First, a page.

15 December 1859
I have the honor to acknowledge the receipt of your Grace's Despatch of the 29th September last marked "Confidential" and also of copies of the correspondence between HerManuscript imageHer Majesty's Government and Lord Lyons, touching the occupation of the Island of San Juan by troops of the United States.
2. I shall not fail to attend to the instructions conveyed to me in your Grace's Despatch, to the effect that it is the desire of Her Majesty's Government that a civil Magistrate should continue to reside on the Island of San Juan, and that he should be directed to forbear from all acts which may lead to hostile manifestationsManuscript imagemanifestations by the United States Officers: and that, without instructions from your Grace or from Lord Lyons, no troops are to be landed on the Island, unless indeed such a step should be required for the support of the resident Magistrate or for the protection of the lives and property of British Subjects.
3. In my Despatch No 55 of the 9th November last transmitting copies of my correspondence with Lieut. General Scott, I reported my proceedings with respect to the Island ofManuscript imageof San Juan up to that date and I am glad to observe that they are in all respects in accordance with your Grace's instructions.
4. The Federal Troops of the United States have all been withdrawn from the Island of San Juan with the exception of a Company of fifty men under the command of Captain Hunt, who still remain there professedly for the protection of American Citizens.
5. Besides these troops, there is a civil staff consisting of a Magistrate andManuscript imageand an Officer of the Customs.
6. On the other hand Her Majesty's Government is represented in San Juan by a single stipendiary Magistrate without any Military or Naval Force whatever—the "Pylades", lately stationed there, having been recalled to this place by the naval Commander in Chief.
7. I do not apprehend the occurrence of any national difficulty with the Captain in command of the Federal Troops stationed on San Juan, but the presence of such a force on the disputed Territory without an equal forceManuscript imageforce of British Troops implies a concession on our part, and will have the worst possible moral effect throughout the Country; and if that state of things continues long the Island will unavoidably slip from our grasp, as the ignorant squatter population of the adjoining American Territory deceived by appearances and considering the question of Title as settled in favour of their own country will occupy the whole of the land and so form a de facto American occupation, the effect of which may be fatal to British rights. And here I might mention that the Pre-emption system of the United States holdsManuscript imageholds out every inducement to American Citizens to settle on the Island, and in this respect they have a great advantage over British Subjects; for should the Island eventually become American Territory, the American squatter is confident that he will be confirmed in his occupation, whilst the British subject has no such satisfactory assurance of his claim being recognised, should the Island become part of Her Majesty's Dominions.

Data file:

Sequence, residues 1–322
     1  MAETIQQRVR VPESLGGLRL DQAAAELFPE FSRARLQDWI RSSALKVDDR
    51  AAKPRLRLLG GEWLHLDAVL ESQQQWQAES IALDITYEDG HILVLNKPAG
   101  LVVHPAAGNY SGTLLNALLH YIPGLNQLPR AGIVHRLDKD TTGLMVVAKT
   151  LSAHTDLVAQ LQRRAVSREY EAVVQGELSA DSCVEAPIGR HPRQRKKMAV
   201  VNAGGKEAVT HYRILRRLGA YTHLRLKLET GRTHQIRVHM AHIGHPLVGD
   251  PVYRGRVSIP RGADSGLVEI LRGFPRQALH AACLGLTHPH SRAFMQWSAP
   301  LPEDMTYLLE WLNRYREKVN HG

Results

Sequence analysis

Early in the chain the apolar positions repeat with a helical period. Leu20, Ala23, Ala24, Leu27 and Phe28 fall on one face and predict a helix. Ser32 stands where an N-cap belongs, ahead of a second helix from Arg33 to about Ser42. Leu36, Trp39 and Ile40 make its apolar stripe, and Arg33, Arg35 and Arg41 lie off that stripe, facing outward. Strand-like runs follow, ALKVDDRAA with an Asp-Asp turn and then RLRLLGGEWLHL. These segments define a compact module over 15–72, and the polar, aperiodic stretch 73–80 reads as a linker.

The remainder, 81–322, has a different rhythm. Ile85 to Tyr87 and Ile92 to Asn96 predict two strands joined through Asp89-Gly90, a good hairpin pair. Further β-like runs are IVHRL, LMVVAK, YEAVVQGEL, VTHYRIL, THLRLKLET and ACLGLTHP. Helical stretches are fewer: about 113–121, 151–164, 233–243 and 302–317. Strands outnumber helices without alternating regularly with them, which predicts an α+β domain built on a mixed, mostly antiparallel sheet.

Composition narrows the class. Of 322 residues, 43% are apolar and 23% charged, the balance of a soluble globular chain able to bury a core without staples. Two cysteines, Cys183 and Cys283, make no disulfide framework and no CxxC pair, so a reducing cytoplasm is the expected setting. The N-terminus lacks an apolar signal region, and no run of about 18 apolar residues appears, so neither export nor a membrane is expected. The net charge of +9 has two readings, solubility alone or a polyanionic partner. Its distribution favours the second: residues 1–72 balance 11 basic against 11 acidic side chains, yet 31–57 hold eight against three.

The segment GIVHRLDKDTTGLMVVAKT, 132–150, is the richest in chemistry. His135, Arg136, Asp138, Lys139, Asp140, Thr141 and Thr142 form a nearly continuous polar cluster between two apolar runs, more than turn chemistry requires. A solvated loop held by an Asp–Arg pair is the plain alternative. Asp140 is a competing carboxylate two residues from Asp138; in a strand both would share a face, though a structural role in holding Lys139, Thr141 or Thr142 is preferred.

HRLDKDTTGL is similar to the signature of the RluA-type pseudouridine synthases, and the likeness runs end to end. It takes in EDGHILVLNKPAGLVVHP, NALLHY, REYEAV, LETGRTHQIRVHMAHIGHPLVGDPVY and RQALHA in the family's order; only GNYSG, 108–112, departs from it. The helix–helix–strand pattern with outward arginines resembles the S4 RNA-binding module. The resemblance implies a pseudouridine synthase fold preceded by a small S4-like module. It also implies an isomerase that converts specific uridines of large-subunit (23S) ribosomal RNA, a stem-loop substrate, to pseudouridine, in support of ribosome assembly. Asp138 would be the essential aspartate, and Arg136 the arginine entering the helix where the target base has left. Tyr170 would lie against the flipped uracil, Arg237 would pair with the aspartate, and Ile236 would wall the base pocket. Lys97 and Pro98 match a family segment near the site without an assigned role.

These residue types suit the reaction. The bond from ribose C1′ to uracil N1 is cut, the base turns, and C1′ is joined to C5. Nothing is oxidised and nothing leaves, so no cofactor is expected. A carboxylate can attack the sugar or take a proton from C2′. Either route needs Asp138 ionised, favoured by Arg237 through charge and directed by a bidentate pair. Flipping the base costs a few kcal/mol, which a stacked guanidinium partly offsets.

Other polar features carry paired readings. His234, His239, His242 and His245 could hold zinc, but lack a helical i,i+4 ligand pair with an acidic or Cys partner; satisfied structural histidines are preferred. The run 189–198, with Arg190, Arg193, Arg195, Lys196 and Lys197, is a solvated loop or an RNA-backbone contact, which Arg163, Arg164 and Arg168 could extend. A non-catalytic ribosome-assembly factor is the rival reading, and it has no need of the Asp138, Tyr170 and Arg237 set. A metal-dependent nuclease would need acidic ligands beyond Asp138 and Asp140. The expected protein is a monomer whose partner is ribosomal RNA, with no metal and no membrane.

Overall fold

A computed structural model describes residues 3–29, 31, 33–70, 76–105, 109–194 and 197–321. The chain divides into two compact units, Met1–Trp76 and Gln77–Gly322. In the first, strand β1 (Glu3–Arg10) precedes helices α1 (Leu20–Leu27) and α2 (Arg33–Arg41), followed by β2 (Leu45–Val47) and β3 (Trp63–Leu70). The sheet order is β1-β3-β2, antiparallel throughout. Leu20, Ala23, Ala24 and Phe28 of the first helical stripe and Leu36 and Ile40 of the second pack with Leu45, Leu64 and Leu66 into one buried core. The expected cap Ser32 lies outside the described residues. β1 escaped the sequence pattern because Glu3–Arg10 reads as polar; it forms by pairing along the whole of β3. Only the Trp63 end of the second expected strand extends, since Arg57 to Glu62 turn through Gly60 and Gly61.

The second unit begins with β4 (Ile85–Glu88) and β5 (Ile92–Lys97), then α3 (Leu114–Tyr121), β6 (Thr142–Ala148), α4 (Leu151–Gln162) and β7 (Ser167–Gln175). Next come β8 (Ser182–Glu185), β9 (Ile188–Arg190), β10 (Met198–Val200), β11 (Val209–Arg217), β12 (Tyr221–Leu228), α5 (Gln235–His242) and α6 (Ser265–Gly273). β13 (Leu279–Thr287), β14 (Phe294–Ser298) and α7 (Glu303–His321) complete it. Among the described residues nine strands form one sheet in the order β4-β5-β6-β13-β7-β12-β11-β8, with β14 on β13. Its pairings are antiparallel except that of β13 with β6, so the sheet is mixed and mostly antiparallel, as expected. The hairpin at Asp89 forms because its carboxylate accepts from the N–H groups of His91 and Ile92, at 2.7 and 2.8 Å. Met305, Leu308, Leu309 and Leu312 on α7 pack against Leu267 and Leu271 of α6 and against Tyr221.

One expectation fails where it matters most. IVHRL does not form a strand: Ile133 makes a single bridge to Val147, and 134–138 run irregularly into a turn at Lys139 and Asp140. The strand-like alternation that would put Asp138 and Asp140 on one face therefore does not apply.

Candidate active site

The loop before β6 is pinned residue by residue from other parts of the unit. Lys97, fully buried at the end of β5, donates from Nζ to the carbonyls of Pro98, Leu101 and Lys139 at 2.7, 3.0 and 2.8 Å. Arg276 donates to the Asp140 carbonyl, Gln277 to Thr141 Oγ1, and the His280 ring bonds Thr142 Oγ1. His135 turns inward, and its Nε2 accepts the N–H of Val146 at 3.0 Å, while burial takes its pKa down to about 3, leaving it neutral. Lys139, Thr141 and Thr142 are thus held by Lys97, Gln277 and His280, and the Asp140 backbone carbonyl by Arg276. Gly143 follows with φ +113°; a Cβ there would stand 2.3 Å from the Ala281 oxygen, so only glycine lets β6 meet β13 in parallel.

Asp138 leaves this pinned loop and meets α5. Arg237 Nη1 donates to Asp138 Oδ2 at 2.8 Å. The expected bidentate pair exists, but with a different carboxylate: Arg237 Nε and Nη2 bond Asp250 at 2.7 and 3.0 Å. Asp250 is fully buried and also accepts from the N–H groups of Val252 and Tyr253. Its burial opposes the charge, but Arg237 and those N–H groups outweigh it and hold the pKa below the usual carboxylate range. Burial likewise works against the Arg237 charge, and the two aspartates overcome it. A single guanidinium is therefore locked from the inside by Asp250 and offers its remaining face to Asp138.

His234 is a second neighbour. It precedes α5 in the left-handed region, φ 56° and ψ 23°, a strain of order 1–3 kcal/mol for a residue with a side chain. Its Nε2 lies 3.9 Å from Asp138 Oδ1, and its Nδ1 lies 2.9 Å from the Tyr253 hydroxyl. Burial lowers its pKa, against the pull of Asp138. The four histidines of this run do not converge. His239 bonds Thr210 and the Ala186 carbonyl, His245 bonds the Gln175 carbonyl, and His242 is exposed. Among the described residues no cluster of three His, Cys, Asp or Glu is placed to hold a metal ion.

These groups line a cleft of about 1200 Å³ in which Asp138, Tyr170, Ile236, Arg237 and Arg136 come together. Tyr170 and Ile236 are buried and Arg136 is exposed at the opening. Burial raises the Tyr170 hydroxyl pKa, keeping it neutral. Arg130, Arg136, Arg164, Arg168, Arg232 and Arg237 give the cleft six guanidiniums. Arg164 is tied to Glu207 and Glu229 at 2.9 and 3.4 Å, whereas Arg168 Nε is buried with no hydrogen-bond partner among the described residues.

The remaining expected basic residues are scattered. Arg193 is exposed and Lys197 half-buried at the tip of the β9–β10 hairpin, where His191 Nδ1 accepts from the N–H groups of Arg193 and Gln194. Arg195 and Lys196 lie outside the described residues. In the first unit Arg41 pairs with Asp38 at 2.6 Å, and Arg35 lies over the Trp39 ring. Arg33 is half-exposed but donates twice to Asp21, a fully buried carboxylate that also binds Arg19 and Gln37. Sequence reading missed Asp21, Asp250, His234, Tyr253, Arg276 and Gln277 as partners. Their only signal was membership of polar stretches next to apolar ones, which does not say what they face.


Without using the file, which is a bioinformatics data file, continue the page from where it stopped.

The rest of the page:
8. Should there be no prospect of an immediate settlement of the question of Sovereignty I have no hesitation in submitting to Her Majesty'sManuscript imageMajesty's Government, in the event of the United States continuing to maintain troops on San Juan that the military occupation should be at least a joint one, and that an equal number of British troops should be stationed there.
9. Either that course, or the withdrawal of all authorities on both sides should be adopted, but for the reasons before mentioned I conceive that the withdrawal of all authorities would be by far the more desirable measure, if the question of Title is to remain for any time in discussion. IManuscript imageI apprehend that now the question of Sovereignty is avowedly in dispute, no Civil Authority can legally exercise any jurisdiction on the Island, for the laws of neither Country can be claimed as extending to it.
10. In conclusion I cannot refrain from expressing to your Grace the satisfaction it has afforded me to find that the course we have pursued has met the approbation of Her Majesty's Government for although well assured how much the Government would deprecate any hasty or inconsiderate action which might imperil the amicable relationsManuscript imagerelations subsisting between Great Britain and any other nation, yet in this case, under all the circumstances of the occupation of San Juan, confident that the offensive movement was the Act of an individual and not of a Government, I must confess I had some doubts in my own mind as to whether the passive and non-resistent policy we had followed would be altogether acceptable to Her Majesty's Government considering the large and magnificent forceManuscript imageforce we fortunately had at our disposal, and that if any collision had unhappily occurred it would not have resulted from any aggressive deed on our part, but simply from the responsibility forced upon us in defence of National Honor and Integrity.
I have etc.
Minutes by CO staff
Manuscript image
ABd 14/2
Mr Blackwood
A detachment of some kind of military force has been stationed in the island since this was written, has it not?
HM F 15
Yes. The For: Office have intimated to us that they have made arrangements with the Admiralty for placing 100 marines on the Island.
ABd 16/2
HM F 16
Every thing that we hear proves, I think, the necessity of a very liberal Land system in V. Island & B. Columbia.
CF 17
I hope that before now Govr D. will have acted upon my suggestions as [one line cut off file].